Scramble for Africa’s Resources: Role of BRICS countries (Published 2014)

Introduction

Since the beginning of the 21st century there has been an increased expansion of new investments in Africa not just by the previous colonising nations (former European Union colonial powers), but also by emerging economies known collectively as the BRICS countries (Brazil, Russia, India China and South Africa) as well as other relatively smaller emerging nations from the Middle East (Saudi Arabia, Kuwait and Qatar) and East Asian countries (Malaysia, Indonesia and South Korea). Although the phenomenon of an increase in rural investments is global and not limited to Africa, the destination of 40% of the investments has been Africa. Agribusiness and extractive industries have rapidly spread across the globe since the global financial and food crises of 2008. The net effect of such investments has been to take food production out of the hands of farmers and local communities. The denial of land to smallholder farmers through displacement of communities without adequate compensation is creating a serious food insecurity problem as they are pushed from fertile land into barren land unsuitable for small scale agricultural activities that have for generations’ sustained livelihoods. These rural investments often referred to as “Land Grabbing”, have become an incontestable threat to the livelihoods of smallscale farmers particularly in Africa where 80% of the population is dependent on small scale agricultural activities. In reality the new investments have commercialised agriculture through contract farming that induce farmers to switch to high value crops from food crops, consumption of imported food as a substitute for traditional foods, changes from natural forests to reserved land for tourism and private estates for the production of crops used for bio-fuel production.

Who are the largest external investors?

According to a Grain Report (2013), by the year 2012, 35 million of agricultural prime land has been leased to foreign companies in 66 countries over the past three years for food and alternative fuel production (excluding extractive industries). The most affected countries in Southern Africa were the Democratic Republic of Congo with 8.1m ha leased followed by Mozambique with **** constituting ****% of arable land. The top investors around the world are; UK(4.4m ha), USA (3.7m ha) and China (3.4m ha). Hence these empirical figures show that it is the foreign investors from industrialised countries led by the United Kingdom that are seeking land deals in Africa particularly in the Democratic Republic of Congo. It is estimated that more than half of the 56 million hectares of land sought after by foreign investors globally is located in sub-Saharan Africa. The Democratic Republic of Congo and Mozambique have the highest share of foreign investor driven land deals relative to total arable land of close to 50% and 21%, respectively (Africa Development Bank 2012). Within African countries, the urgent need to develop agriculture and the lack of financial support for capital intensive projects such as irrigation and infrastructure development aimed at improving productivity and creation of thousands of jobs to improve rural livelihoods, has facilitated large scale land deals.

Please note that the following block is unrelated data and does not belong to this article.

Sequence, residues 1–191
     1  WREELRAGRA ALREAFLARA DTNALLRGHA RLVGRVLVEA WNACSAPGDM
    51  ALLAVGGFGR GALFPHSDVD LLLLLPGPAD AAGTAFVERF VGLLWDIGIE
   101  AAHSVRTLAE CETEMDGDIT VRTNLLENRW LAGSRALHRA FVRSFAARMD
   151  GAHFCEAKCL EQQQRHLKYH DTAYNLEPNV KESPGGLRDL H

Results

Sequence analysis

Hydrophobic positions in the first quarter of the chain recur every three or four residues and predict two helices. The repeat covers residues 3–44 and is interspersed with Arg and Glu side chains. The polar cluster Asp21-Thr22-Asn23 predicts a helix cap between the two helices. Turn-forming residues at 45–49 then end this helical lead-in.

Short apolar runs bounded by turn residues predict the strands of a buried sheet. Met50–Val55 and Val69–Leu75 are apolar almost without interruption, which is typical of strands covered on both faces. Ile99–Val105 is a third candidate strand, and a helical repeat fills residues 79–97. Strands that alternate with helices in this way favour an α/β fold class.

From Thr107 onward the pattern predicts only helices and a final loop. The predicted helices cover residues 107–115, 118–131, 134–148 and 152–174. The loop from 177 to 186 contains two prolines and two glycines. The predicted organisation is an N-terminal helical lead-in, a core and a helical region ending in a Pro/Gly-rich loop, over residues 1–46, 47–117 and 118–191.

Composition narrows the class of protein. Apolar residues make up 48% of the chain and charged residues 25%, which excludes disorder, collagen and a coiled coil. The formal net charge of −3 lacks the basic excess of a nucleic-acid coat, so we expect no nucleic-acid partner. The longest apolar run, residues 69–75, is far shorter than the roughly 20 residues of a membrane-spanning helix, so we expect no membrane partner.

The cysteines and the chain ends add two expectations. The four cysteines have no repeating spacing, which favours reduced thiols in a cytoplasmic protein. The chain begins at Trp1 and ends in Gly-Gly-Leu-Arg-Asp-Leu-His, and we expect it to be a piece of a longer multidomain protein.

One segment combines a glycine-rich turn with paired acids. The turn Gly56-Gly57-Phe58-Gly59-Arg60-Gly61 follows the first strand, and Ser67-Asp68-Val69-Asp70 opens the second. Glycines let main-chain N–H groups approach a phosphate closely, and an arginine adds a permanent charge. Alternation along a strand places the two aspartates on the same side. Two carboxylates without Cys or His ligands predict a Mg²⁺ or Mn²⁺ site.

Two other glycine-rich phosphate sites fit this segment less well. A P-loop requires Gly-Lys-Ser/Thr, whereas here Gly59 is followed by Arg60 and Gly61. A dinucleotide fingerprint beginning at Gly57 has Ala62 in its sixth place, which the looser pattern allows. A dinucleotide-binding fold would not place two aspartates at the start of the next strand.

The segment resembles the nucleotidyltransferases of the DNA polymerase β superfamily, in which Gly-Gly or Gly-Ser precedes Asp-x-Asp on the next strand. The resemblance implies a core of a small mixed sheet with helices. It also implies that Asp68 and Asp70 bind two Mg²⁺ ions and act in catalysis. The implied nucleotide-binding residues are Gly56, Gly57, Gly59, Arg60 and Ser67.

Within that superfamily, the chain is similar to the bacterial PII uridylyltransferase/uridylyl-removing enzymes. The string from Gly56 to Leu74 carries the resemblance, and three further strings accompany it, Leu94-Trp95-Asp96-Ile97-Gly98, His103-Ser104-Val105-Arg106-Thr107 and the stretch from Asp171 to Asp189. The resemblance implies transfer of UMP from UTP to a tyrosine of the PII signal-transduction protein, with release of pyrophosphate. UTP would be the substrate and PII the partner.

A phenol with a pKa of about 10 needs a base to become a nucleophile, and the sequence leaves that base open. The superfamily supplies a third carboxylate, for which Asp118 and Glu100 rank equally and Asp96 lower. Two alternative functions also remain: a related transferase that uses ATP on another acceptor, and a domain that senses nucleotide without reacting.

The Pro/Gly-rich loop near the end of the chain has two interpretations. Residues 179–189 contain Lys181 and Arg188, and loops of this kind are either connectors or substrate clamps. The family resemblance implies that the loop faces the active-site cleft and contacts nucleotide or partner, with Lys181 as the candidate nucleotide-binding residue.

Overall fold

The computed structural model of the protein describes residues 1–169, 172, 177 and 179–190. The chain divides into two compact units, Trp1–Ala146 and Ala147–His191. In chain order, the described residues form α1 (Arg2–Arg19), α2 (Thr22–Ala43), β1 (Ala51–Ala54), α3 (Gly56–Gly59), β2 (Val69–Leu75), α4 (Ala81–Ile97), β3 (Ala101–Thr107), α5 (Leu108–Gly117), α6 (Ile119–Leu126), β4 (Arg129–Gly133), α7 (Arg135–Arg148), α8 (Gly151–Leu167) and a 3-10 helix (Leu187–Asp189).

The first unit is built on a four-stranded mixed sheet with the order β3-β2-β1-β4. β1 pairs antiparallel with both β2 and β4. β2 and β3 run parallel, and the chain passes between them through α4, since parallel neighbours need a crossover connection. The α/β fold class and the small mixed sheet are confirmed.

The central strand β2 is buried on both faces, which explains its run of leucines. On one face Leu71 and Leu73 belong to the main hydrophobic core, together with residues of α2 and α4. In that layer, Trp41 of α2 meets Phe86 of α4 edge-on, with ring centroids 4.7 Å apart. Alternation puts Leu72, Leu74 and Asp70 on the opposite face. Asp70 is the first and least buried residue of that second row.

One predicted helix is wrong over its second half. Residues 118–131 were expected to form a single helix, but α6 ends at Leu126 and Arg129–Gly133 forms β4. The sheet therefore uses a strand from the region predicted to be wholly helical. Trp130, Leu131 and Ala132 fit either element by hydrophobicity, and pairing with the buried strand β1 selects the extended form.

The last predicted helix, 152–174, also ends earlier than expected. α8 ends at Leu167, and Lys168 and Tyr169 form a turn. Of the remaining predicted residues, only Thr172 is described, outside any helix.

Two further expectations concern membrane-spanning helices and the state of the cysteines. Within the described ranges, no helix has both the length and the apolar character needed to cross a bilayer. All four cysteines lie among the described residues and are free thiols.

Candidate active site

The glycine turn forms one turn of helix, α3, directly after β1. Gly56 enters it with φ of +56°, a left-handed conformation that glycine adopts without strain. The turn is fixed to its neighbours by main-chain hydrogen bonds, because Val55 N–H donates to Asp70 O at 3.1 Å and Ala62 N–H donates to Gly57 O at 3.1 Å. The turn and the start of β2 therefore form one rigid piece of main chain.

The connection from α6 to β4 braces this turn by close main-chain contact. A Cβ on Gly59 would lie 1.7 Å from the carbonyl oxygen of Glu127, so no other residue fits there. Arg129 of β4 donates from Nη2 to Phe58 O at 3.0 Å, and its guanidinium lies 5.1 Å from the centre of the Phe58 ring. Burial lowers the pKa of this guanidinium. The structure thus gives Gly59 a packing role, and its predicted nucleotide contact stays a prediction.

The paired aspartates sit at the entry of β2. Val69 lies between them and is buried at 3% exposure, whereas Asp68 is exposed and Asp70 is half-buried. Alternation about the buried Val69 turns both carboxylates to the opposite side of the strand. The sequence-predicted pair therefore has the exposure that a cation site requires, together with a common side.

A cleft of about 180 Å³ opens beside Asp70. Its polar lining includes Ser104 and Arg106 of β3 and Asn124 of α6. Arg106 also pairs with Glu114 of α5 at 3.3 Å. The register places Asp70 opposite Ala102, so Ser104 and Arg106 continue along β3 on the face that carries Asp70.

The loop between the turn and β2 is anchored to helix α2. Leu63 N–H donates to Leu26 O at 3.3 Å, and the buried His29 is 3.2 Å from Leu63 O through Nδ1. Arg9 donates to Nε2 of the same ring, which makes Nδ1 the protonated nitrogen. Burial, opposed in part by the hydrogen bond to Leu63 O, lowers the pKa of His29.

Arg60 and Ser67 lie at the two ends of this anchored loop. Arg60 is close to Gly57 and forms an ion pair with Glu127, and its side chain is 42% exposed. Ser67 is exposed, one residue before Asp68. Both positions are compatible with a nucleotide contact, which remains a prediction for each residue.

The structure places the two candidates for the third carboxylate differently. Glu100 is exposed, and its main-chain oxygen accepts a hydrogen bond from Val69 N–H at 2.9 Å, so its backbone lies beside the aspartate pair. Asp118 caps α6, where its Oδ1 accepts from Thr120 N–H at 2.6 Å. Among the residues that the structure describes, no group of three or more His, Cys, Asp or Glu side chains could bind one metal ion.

Role of BRICS

The purpose of this paper is to demonstrate the role of the BRICS countries in the scramble for resources in southern Africa. As already depicted above, China features as the third largest investor in agribusiness. Since the turn of the 21st century the region has increasingly established economic (trade and investment) and social relations with the emerging economies, Brazil, China, India and South Africa (the BRICS countries). These relations have been hailed at a political level as a positive move demonstrating South-South Cooperation as opposed to the traditional resented North-South relations. These investments are taking place against a backdrop of increased pressure from industrialised countries on developing countries to open up their economies through multilateral (WTO) and bilateral (FTAs and BITs) negotiations. The new South-South Cooperation is not signifying implicitly a real change in the structure of the southern African countries and benefits to its people, but a continuation of the same relationship established by the European countries during the colonial era sometimes in a more brazen manner particularly with regards to labour and the environment. The BRICS countries have invested in the same extractive industries, mainly in mining and agriculture for export as raw materials to parent companies in their own countries. The scale and type of BRICS investments into southern Africa are given in appendix 1. The study focused in detail on 5 southern African countries (Angola, Mozambique, Namibia, Zambia and Zimbabwe), but where necessary it will provide evidence from other countries within the region.

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